I am going to remember to cultivate gratitude and tell those who matter to me how thankful I am for their love and support. I shall appreciate the little moments, and greet each sunrise with appreciation. I shall try to start back at my Gratitude Journal, by writing down one thing I am grateful before I turn off the light at night. In the words of Oprah;

“The single greatest thing you can do to change your life today would be to start being grateful for what you have right now. And the more grateful you are, the more you get.”

What are you grateful for?

Friday, October 8, 2010

I love my yoga ass

Callie Gordon of Salem Mass.
Co-founder of The Urbane Cyclist and nutrition grad student at BU

Wednesday, October 6, 2010

You look good in those genes!

Always be a first-rate version of yourself, instead of a second-rate version of somebody else. -Judy Garland

We come into this world completely vulnerable, a little shocked, and happily naked before everyone's eyes. We didn't know what love meant, but we felt it. We didn't understand the concept of family, but we knew we were surrounded by loved ones. We'd never heard the word "nutrition" or "calorie," but we were hungry. And we had no idea that there were things about ourselves that would someday make us feel inferior, angry, guilty, etc. Somewhere along the line, we were influenced by outside sources to have certain notions of ourselves. Then one day we realize that we are completely stressed and full of anxiety about things like missing one day at the gym or failing at an attempt to resist the ice cream.

Back up and reverse! Our perceived flaws are actually the unique characteristics that make us interesting and different. Your genes are a code to the coolness that is you. Feel good in them!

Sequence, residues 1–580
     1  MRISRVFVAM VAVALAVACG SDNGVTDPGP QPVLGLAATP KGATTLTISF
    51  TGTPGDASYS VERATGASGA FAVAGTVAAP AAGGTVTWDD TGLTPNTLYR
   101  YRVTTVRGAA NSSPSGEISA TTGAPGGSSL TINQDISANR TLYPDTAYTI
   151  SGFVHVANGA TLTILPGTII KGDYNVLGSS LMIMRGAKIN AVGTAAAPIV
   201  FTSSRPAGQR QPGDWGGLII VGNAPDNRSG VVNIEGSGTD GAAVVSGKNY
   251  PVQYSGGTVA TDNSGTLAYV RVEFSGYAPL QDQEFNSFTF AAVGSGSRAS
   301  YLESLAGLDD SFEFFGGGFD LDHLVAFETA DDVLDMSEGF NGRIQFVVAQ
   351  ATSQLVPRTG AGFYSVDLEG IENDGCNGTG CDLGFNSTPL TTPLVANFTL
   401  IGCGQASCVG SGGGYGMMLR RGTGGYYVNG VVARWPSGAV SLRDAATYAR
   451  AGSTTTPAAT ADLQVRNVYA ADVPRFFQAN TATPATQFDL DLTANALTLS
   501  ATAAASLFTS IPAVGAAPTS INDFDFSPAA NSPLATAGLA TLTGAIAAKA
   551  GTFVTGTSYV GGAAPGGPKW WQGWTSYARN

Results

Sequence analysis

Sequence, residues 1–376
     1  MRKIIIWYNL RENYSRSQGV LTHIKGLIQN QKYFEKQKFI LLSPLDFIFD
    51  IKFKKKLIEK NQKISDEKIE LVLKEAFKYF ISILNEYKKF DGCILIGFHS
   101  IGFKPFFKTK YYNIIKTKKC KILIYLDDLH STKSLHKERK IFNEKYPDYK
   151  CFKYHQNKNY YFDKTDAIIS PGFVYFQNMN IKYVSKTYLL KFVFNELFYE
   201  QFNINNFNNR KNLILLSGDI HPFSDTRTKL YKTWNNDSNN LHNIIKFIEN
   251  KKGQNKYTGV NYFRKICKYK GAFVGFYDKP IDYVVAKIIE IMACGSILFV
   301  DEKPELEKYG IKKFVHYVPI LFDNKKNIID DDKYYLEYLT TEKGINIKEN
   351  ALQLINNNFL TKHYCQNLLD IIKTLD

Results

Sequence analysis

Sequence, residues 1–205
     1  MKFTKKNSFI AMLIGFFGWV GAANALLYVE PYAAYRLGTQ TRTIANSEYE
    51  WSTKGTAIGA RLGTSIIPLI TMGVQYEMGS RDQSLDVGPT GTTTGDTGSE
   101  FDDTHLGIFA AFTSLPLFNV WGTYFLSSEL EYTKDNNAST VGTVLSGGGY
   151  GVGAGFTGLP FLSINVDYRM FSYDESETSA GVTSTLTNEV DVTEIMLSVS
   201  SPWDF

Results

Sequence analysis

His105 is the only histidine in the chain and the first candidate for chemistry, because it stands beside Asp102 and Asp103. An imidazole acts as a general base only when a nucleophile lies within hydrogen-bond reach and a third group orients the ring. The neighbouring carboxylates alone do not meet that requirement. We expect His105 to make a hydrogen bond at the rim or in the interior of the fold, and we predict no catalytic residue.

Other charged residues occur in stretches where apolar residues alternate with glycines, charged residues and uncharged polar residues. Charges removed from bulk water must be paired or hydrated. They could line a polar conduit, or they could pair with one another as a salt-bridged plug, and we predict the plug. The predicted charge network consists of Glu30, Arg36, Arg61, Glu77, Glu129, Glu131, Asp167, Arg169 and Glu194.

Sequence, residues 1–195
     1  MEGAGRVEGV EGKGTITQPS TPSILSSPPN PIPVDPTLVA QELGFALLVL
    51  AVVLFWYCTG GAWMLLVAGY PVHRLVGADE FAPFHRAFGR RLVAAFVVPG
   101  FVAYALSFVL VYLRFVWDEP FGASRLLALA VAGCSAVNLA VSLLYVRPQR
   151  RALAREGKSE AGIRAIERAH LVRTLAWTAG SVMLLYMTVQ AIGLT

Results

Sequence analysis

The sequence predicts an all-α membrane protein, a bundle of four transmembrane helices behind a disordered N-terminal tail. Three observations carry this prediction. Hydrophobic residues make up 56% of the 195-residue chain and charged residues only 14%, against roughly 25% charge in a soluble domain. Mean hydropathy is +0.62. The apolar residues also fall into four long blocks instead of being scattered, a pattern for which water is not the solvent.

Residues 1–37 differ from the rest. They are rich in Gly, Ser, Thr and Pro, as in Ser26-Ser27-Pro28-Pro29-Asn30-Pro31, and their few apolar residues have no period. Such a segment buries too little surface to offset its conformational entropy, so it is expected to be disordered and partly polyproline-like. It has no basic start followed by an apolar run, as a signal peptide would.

Your genes always fit, and they never have to be washed.
They are never too short and never have to be hemmed.
Your genes are not limited to blue, or black or gray.
They are not skinny.
They are not wide.
And they look good with all of your shirts and all of your shoes.
Your genes love wearing you and wouldn't want to be anyone's but yours.
Let them know that the feeling is mutual.

So put on your favorite pair! Be well, and enjoy the day.

Monday, October 4, 2010

In a Guiltless Fashion

beauty and grace

"You can't separate fashion from the world. Fashion is the way we live. Dress designers lent me textures, shapes and patterns that become the ally of my true work, which was always about women-what was going on beneath their clothes, beneath the hats.
In their heads."
-Richard Avedon, World Renowned fashion photographer
Fashion. I love it, I appreciate it. While gym clothes may be my standard attire I live for nights to get dressed up in. Attending a Fashion Week AfterParty and being surrounded by beautiful people in beautiful dresses, suits and get-ups thrills and inspires me.

Unfortunately fashion also promotes negative self esteem. When normal women compare themselves to size 00 models, we rarely come up on top. Yes, those supermodels are gorgeous, but they are also a ridiculous basis for comparison. The average woman is not a living hanging rack, and sadly, often feels less because of this. I am by no means bashing models, remember, they are people too, but instead I would love for us ALL to let our radiance shine through and cease this comparison battle.